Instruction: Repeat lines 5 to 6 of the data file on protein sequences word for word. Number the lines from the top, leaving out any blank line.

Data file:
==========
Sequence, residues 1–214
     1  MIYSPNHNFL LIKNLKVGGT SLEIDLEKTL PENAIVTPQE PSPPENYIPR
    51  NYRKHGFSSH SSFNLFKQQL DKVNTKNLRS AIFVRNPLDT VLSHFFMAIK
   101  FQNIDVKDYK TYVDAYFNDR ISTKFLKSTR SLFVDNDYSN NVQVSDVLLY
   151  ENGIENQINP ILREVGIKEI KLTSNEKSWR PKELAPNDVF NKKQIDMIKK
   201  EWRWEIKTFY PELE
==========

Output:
   151  ENGIENQINP ILREVGIKEI KLTSNEKSWR PKELAPNDVF NKKQIDMIKK
   201  EWRWEIKTFY PELE